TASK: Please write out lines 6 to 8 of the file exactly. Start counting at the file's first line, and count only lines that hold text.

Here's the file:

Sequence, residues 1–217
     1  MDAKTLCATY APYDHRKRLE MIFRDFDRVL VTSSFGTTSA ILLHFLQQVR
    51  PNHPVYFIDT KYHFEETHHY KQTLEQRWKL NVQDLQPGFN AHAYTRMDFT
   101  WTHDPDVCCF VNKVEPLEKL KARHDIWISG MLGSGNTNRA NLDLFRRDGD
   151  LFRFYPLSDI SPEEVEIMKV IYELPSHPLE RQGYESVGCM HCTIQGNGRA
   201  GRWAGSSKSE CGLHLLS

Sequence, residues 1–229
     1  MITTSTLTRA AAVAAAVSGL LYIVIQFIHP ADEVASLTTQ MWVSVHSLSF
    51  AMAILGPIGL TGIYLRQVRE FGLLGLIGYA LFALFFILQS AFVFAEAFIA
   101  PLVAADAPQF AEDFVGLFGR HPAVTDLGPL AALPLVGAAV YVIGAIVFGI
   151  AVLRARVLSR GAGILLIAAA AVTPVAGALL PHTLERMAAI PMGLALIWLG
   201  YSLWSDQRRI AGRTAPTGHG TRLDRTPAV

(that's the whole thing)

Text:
   201  GRWAGSSKSE CGLHLLS

Sequence, residues 1–229
     1  MITTSTLTRA AAVAAAVSGL LYIVIQFIHP ADEVASLTTQ MWVSVHSLSF